Too often there are Christians who practice worship attendance to remind OTHERS that they are Christians; when it is more important that we remind OURSELVES. 
    And when we make promises, pledges, commitments to others, I think it is significantly LESS important that we remind them than it is that we remind ourselves.     
    When we enter into holy matrimony, the token and pledge of our abiding love as shown in the ceremony of the rings is really far less important to the other person than it is as a reminder to ourselves.
    When we give gifts to others, we may like to think that we are reminding others that we love them.  But if we ourselves are not caused to remember our love, the act is shallow and carries no meaning.
    And in all of this, we should not be concerned with reminding God of who or what WE are; God needs no reminding--God knows well enough.  It is more important that we remember ourselves who WE are and who GOD is.
    The arrangement of God's covenant with Noah was, I believe, far more than a promise to never again wash us all away. 
    Just as in the beginning when God created us in the image of the almighty, God is here continuing to provide us with a model for how we should live, how we should behave, how we should get along with others.
    In another sense, God is also showing us what repentance is.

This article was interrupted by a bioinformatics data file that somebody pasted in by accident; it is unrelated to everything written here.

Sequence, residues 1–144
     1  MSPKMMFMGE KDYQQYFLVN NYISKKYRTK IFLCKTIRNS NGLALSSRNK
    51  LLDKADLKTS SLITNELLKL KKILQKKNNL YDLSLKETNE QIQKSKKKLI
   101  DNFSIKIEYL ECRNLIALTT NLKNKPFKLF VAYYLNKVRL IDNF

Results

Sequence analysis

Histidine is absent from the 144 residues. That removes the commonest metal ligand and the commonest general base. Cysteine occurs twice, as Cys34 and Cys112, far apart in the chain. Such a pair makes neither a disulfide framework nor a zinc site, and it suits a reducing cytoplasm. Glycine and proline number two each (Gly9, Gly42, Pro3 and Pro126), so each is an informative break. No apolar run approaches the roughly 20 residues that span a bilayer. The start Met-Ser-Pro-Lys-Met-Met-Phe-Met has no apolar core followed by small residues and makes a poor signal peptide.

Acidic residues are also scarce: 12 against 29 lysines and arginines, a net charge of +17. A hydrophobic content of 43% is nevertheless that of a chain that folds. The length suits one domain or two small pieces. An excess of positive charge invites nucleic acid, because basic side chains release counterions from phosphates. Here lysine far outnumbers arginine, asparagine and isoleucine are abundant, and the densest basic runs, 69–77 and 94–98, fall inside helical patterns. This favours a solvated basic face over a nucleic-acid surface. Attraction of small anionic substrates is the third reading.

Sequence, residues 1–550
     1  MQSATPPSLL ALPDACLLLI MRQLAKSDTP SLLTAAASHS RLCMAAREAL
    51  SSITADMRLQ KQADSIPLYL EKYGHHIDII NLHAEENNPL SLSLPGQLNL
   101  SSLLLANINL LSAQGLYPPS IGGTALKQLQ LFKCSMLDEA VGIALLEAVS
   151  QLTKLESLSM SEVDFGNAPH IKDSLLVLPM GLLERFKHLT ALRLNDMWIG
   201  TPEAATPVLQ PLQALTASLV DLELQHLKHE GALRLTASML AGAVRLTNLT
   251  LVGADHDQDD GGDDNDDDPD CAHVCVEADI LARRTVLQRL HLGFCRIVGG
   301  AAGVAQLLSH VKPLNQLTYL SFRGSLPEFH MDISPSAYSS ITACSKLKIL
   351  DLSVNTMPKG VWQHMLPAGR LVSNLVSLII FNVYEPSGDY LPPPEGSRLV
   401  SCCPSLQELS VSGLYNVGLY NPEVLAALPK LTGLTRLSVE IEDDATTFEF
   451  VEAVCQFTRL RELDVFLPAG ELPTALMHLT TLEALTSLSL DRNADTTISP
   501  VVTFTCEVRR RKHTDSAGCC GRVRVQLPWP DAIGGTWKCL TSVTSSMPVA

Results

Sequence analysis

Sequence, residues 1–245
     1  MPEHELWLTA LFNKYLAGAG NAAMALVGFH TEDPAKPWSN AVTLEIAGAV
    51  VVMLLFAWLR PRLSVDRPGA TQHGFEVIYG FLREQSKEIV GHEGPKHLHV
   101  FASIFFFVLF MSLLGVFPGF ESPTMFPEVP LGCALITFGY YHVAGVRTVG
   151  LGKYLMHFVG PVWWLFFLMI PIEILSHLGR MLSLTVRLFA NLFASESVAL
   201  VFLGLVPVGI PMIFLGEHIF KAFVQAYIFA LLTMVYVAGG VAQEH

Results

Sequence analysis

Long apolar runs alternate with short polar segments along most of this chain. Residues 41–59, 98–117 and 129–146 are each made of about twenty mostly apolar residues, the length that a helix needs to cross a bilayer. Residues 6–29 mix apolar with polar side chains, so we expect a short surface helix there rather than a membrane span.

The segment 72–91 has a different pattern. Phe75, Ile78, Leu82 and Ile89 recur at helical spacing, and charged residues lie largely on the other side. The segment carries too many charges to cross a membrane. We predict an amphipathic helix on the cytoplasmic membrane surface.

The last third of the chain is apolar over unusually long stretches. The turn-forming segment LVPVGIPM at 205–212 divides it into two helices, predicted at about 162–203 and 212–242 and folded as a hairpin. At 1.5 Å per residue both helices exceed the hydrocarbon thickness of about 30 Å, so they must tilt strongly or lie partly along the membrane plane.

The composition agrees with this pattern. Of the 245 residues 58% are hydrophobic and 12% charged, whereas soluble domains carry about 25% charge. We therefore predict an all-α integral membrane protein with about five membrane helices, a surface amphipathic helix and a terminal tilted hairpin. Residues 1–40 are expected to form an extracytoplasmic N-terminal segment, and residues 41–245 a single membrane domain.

Although God has no need of repentance, was perfectly justified in eliminating evil from the earth and selectively saving those who were good, God's response after the flood is the kind of response WE should demonstrate when we repent of our wrongdoing. 
    Not only should we confess our sins seeking forgiveness, and promise to seek to sin no more, but we should also seek active ways in which we can AVOID sin, and we need to be continually REMEMBERING our promise to avoid sin. 
    And it is REMEMBERING that is the tough part.
    "When the bow is in the clouds, I will see it and remember the everlasting covenant between God and every living creature of all flesh that is on the earth."  God said to Noah, "This is the sign of the covenant that I have established between me and all flesh that is on the earth."
    As we enter the Lenten season, that forty-day season prior to the celebration of Easter, I think it is well to remind ourselves of the God who never gives up on us. 
    God could have given up on us many years ago with the flood; but instead God selectively saved the good and set a powerful example for us in the new beginning of Noah and the covenant.  God could have given up on us with the crucifixion of Jesus. 
    Jesus did not just die; Jesus was put to death on the cross.  But in the resurrection, God set another example for us, showing us once again the patience of the almighty.
    It's a long way from the flood to the crucifixion in the time of humanity.  But it is no time at all by God's time.  And in both events we see evidence of God's promises.  Promises are so easy to talk about, and so easy to dismiss. 
    We make them all the time.  But how often do we make promises to those who are really undeserving of the promise?  How often do we go out of our way as God has done for us?  Our very lives are covenant relationships with God. 
    Are we as truly grateful for those covenants as we ought to be?      During this Lenten season, challenge yourself by asking, "What sign do I have to remember my covenant with God?" 
    God really doesn't need reminding of the covenants that have been made with us; but WE need to remind OURSELVES of the covenants WE have made with God.